Virginia Euwer Wolff: The Guys’ Clubhouse

Catcher in the RyeI didn’t even ask why I was turn­ing into Hold­en Caulfield. I was fif­teen, a brochure girl for post­war inno­cence. And I was a farm kid, three thou­sand miles away from Holden’s Man­hat­tan; I took vio­lin lessons, rode my bike through orchards, mem­o­rized social stud­ies facts, picked straw­ber­ries to make mon­ey, earned Camp Fire Girl hon­or beads. I also sought the right bras, the right pim­ple med­i­cine, the boys most like­ly to alarm my family.

The Catch­er in the Rye came into my life at a rum­mage sale, and I read it in one evening. With­in the next few days, I heard myself recit­ing whole para­graphs from mem­o­ry, and in doing so I began to notice that I was dri­ving near­ly every­one away. My usu­al­ly affec­tion­ate fam­i­ly loathed Hold­en and me enough to shoot scorn­ful looks over to our side of the din­ner table and for­get to pass us the pota­toes. It went on for months.

The gen­der dif­fer­ence didn’t occur to me.

Why not? I now ask myself. Didn’t it seem real­ly, real­ly, real­ly odd that I was this boy who was hang­ing Sunny’s sad green dress on a hang­er in a New York hotel room? I don’t think I gave it a thought.

I look back on whom I was choos­ing to be: an aca­d­e­m­ic fail­ure who had done near­ly every­thing wrong that he’d been asked to do right; a boy who was mak­ing his own jour­ney into the under­world and tak­ing metic­u­lous note of its sin­is­ter mien; a nar­ra­tor whose flair for vul­gar­i­ty was almost choral and who was inti­mate­ly attuned to the sanc­ti­ty of life; a soli­tary wan­der­er who, like many teenagers, was just learn­ing how to take the full mea­sure of his undis­ci­plined tem­pera­ment; a pro­tag­o­nist who want­ed to save falling chil­dren and who was saved by his lit­tle sis­ter; a bor­row­er and a lender who was teach­ing me about respons­es to defile­ment, a les­son I would con­tin­ue to need as the belea­guered twen­ti­eth cen­tu­ry stum­bled forward.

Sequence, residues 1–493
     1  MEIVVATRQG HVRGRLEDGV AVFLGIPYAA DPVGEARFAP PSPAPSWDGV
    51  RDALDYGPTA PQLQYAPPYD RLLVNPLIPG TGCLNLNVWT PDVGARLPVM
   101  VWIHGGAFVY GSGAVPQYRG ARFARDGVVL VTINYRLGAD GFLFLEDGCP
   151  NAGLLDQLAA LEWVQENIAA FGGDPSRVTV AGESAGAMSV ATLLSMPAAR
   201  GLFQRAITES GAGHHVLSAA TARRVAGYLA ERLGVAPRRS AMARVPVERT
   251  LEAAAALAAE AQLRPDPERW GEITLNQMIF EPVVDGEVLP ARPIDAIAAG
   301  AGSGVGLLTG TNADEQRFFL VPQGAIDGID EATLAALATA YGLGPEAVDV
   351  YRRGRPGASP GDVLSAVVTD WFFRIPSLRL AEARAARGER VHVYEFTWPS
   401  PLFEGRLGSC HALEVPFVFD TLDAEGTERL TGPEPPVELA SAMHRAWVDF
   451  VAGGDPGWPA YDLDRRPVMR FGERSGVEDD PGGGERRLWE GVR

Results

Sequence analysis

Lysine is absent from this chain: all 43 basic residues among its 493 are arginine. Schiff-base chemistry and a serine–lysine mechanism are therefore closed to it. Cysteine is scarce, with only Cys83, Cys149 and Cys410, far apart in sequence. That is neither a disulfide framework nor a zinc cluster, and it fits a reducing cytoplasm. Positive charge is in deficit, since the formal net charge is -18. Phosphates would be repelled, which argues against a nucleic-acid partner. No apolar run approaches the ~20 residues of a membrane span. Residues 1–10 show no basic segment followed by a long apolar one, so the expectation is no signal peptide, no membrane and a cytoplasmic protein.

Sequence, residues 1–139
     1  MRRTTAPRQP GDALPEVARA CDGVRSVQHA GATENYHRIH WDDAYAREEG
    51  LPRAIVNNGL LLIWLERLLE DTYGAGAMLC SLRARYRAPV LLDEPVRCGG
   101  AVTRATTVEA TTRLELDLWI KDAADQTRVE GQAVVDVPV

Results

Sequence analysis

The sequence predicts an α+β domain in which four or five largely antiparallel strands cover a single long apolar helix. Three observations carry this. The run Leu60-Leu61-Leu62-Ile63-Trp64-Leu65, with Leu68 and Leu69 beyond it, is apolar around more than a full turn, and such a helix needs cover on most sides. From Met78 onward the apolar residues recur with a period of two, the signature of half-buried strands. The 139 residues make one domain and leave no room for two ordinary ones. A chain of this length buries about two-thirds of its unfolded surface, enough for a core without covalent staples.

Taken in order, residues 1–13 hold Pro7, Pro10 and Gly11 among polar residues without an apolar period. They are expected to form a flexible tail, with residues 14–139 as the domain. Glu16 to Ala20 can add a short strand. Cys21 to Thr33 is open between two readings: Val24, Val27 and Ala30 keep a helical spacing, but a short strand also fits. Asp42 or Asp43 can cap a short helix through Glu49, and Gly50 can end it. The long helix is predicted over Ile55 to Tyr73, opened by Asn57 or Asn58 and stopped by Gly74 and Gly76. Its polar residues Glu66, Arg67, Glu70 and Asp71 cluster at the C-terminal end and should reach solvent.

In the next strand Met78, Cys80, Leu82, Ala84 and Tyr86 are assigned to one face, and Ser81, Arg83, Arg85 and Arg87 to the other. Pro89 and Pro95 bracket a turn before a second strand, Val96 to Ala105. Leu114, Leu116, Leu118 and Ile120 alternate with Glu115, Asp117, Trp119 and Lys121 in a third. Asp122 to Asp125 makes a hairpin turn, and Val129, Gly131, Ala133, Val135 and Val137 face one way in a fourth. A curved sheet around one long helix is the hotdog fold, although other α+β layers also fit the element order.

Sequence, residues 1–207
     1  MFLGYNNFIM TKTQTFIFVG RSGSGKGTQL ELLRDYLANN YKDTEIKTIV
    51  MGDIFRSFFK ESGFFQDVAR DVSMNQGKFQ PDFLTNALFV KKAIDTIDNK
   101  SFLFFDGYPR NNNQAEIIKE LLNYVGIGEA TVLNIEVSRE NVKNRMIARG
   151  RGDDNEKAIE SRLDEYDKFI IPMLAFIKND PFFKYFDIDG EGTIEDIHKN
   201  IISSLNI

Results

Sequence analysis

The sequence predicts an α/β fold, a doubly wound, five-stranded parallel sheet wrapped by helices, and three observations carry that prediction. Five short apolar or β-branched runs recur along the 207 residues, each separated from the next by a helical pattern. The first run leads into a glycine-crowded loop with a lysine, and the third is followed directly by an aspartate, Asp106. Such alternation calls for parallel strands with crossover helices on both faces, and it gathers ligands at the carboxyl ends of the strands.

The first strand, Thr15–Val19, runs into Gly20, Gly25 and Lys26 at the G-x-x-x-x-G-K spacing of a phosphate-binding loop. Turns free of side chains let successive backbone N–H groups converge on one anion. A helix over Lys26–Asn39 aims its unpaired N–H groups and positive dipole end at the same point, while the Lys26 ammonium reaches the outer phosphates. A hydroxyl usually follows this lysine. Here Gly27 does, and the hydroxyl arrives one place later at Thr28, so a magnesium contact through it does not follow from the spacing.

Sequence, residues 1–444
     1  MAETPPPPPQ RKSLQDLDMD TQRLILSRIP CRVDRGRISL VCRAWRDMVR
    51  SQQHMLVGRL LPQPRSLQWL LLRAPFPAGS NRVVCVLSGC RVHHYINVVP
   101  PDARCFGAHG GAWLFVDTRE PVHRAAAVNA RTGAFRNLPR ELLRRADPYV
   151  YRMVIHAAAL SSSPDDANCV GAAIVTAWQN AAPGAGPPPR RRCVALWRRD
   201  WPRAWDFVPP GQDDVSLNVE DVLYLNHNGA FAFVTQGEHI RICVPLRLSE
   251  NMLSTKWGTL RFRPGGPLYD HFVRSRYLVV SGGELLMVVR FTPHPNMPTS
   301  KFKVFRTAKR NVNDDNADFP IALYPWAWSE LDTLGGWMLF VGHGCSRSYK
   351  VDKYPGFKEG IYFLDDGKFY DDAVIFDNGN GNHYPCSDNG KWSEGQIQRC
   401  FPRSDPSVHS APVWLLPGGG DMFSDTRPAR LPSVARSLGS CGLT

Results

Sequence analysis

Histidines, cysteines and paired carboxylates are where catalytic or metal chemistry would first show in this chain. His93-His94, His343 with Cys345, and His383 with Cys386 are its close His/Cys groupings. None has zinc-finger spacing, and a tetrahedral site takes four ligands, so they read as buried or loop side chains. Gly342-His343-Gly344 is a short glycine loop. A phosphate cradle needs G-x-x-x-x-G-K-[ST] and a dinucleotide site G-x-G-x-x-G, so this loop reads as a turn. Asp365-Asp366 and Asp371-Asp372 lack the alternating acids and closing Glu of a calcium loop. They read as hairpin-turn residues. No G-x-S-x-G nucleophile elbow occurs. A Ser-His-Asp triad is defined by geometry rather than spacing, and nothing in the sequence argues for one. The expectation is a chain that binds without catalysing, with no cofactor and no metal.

Some­how I’ve got­ten through the inter­ven­ing years with­out ever exam­in­ing whether or not I was uncon­scious­ly seek­ing a gen­der change (no, I was not), whether or not I had penis envy, whether or not I want­ed to try on boy­hood. But as I ask these ques­tions even now, it seems that it was a lit­er­ary iden­ti­fi­ca­tion of con­ve­nience. Get­ting to be Hold­en let me use his brain, which was so much more inter­est­ing than mine. When I was Hold­en, I had form, shape, demeanor. He gave me some­one to be.

I had loved liv­ing with Bet­sy and Tacy, had enjoyed bustling around solv­ing mys­ter­ies with Nan­cy Drew, but I hadn’t become them. They were book friends, and they didn’t give my moth­er the migraines that my immer­sion in Holden’s life gave her.

What I do know at this dis­tance: Hold­en was teach­ing me about struc­ture and nar­ra­tion, about the sub­jec­tiv­i­ty, the turn-on-a-dime bias inher­ent in fic­tion. I had heard cer­tain kinds of sto­ry­telling all my life. His kind was new, allur­ing in its imper­ti­nence, the per­fect vehi­cle for me to use as an armored car in an ado­les­cence that real­ly didn’t need one. And there was a poignant grav­i­ty to Hold­en that has nev­er left me. Could I have guessed that the mere men­tion of his name could still upset peo­ple, all these decades lat­er? Not a bit.

As a grownup read­er I love the sweet agony of becom­ing Jane Eyre, Claris­sa Dal­loway, Natal­ie Babbitt’s Win­nie Fos­ter, and some of Alice Munro’s exquis­ite­ly sculpt­ed char­ac­ters. But I think my ear­ly sub­ver­sive part­ner­ship with Hold­en has also made it pos­si­ble for me to come clos­er to becom­ing David Cop­per­field, Jer­ry Renault, Jesse Aarons, Will Par­ry, King Lear, and my favorite, Gogol’s Akaky Akakievich Bash­machkin. Hold­en let me sneak briefly into the guys’ club­house, and I’ll always be grateful.

[This arti­cle first appeared in The Horn Book in 2007. It is repub­lished here with the author’s permission.]

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David LaRochelle
5 years ago

Thank good­ness for books that allow us to be so many dif­fer­ent peo­ple. A won­der­ful arti­cle, Virginia.

Virginia Euwer Wolff
Reply to  David LaRochelle
5 years ago

Gosh, thank you, David. And the books that take us into them so ear­ly in our lives set the bar very, very high, don’t they? May we all keep read­ing as if our lives depend­ed on it in these strained times.